In response to:

Bormann's Last Gasp from the November 14, 1974 issue

To the Editors:

The review of Ladislas Farago’s “Aftermath” by H. R. Trevor-Roper, published in your issue dated November 14, 1974, has just come to my attention. I am responding to the part of Prof. Trevor-Roper’s criticism in which he questioned the authenticity of Mr. Farago’s documentation.

I am a New York attorney familiar with the rules of evidence. When in September 1972, Mr. Farago succeeded in obtaining certain documents from the files of the Argentine Secret Services, presenting apparently conclusive proof that former Reichsleiter Martin Bormann had managed to escape to and settle in Argentina, he immediately called upon me to join him in Buenos Aires to aid him in the authentication of the documents, and in his efforts to establish “beyond a reasonable doubt” that the documents were authoritative and authentic.

I arrived in Buenos Aires on September 14, 1972, and proceeded with the execution of my commission as an attorney, conducting a professional investigation into the origins and authenticity of the Bormann documents. In this endeavor I was aided in Buenos Aires by Mr. Stewart Steven, then Foreign Editor of the Daily Express, who had flown from London also at Mr. Farago’s invitation to assist him in the authentication of the documents; by three distinguished Argentinian attorneys, Dr. Jaime Joaquin Rodriguez, Dr. Guillermo Macia Ray and the last Dr. Silvio Frondizi of Buenos Aires; and by Dr. Horacio A. Perillo, a practicing attorney in Buenos Aires, formerly legal aid to President Arturo Frondizi.

I personally interrogated several of the special agents whose names were mentioned in or whose signatures appeared on the documents, including Inspector Hector Rodriguez Morguado of Coordination Federal and Commissioner Alejandro Rafaelo of Policia Federal, and ascertained that the documents in Mr. Farago’s possession bearing on the Bormann case were, indeed, genuine, and originated as claimed at the Seguridad Federal, formerly known as Coordination Federal, the central archives of the Argentine Secret Service Establishment.

Based upon my investigation and my questioning of the parties concerned in the acquisition of the documents, I have no hesitation to state that the classifed documents on which the Bormann part of “Aftermath” is based are genuine and authentic, true copies of the originals on file at the agency until recently called Seguridad Federal in Buenos Aires. Prof. Trevor-Roper’s opinion in this matter, I submit, is based on sheer assumptions in the ignorance of the facts, stemming from his regrettable failure to properly investigate the case before expressing his doubts.

Joel H. Weinberg

New York City

H. R Trevor-Roper replies:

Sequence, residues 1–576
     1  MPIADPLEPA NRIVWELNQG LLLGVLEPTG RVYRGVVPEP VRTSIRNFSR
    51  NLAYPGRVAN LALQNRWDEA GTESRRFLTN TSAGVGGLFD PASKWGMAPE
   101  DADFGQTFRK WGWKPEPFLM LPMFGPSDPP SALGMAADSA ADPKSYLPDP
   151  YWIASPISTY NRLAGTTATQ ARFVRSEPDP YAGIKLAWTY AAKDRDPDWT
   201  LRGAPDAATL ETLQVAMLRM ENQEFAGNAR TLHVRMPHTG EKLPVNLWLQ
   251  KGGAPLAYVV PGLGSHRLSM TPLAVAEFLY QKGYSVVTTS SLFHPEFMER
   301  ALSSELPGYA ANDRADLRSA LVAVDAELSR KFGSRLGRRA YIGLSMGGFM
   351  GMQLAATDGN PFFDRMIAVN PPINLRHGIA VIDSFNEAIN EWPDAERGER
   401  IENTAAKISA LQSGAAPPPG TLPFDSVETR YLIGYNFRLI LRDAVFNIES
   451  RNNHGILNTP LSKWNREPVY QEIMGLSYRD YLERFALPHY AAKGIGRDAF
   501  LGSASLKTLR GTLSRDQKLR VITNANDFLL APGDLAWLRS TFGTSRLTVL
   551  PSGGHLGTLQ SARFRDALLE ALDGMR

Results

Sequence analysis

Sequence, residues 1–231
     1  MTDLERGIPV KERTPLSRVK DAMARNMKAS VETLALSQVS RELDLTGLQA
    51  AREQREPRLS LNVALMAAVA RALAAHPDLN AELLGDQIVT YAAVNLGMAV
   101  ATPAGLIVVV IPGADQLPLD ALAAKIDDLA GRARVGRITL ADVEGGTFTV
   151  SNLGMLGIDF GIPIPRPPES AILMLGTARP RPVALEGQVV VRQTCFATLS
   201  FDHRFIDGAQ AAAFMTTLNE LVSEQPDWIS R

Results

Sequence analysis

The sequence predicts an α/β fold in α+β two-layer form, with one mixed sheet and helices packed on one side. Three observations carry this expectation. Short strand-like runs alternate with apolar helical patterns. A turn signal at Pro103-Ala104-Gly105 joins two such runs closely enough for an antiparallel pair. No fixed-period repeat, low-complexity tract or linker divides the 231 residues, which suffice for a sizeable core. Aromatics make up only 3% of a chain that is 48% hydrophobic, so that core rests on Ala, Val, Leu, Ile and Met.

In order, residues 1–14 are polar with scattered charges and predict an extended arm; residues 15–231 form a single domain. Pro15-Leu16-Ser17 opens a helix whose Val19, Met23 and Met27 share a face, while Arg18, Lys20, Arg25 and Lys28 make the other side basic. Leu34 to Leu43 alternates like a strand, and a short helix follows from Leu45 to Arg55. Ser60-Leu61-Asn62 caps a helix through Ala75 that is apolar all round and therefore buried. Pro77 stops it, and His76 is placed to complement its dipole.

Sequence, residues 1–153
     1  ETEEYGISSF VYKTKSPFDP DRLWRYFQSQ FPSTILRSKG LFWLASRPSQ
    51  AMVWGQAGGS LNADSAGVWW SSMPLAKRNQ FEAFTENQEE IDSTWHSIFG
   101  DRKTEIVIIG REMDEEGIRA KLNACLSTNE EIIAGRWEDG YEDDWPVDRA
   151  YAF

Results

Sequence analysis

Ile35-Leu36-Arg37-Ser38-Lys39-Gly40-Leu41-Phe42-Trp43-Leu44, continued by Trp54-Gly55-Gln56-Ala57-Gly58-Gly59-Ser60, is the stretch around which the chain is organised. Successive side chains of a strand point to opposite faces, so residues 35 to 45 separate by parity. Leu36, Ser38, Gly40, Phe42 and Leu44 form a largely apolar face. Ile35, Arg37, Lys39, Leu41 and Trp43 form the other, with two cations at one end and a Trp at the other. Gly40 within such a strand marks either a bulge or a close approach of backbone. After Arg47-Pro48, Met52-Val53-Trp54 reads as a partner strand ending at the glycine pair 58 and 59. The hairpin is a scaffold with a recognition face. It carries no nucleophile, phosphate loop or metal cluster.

Mr. Weinberg states that my views on Mr. Farago’s documentation are based on “sheer assumptions in the ignorance of the facts” and on “regrettable failure properly to investigate the case.” Both these statements are unwarranted and false. Mr. Weinberg has not read my review with care, or he would have seen that I have made no “assumptions”: I have given good reasons for doubt; and he should anyway be aware that it is the duty of the author, not of the reader, to establish the authenticity of his documentation. Where an author (or his attorney) merely asserts, a reader is entitled to suspend judgment.

Among Mr. Farago’s documents, Mr. Weinberg warrants the authenticity of one group only, viz: the official Argentine documents. I have never denied that these particular documents may be genuine. But I have pointed out that since Señor Velasco is admitted to have palmed off on Mr. Farago a fraudulent photograph of Bormann, taken in circumstances which convict him either of complicity in the fraud, or at least of the grossest gullibility, we cannot assume the authenticity of any other documents supplied by him; and since Mr. Farago apparently continues, even after this episode, to trust Señor Velasco, we may legitimately mistrust Mr. Farago’s own judgment.

In any case, even if all Mr. Farago’s Argentine documents are genuine, they prove nothing about Bormann. So far from giving “conclusive proof” that Bormann had escaped to South America and was living there, they merely show that the Argentine Intelligence Service has a file into which miscellaneous reports on Bormann are put. No doubt there are similar files in other Intelligence Services. What Mr. Farago calls the “key document” which “clinches the matter” merely shows that an Argentine priest listened to a tall story by an anonymous informant. Such a document proves nothing at all. Authenticity and veracity are clean different things.

Mr. Farago does cite certain documents which, if genuine, would prove that Bormann lived for some years in South America. But these are not official Argentine documents and are not covered by Mr. Weinberg’s warrant. I believe these documents to be forgeries. I shall not trouble you with my reasons; but Mr. Weinberg would be well advised not to suppose that my belief is a mere assumption based on ignorance or regrettable failure to investigate the matter. I have taken a great deal of trouble in the matter, and the consistent evasions which I have met can only increase my skepticism.

Moreover, Mr. Weinberg needs to be told that credibility is indivisible. If Mr. Farago was deceived by Señor Velasco, he may well have been deceived by others; and if documents relating to Bormann are forged in Peru, there are conclusions which can be drawn from this is Argentina. Mr. Farago’s experience proves at least one thing: that there is a profitable Bormann industry in South America; and that the truth will not be discovered by anyone who is naïve enough to believe whatever he finds in the documents, even if those documents are pronounced authentic by a visiting attorney.

This Issue

February 20, 1975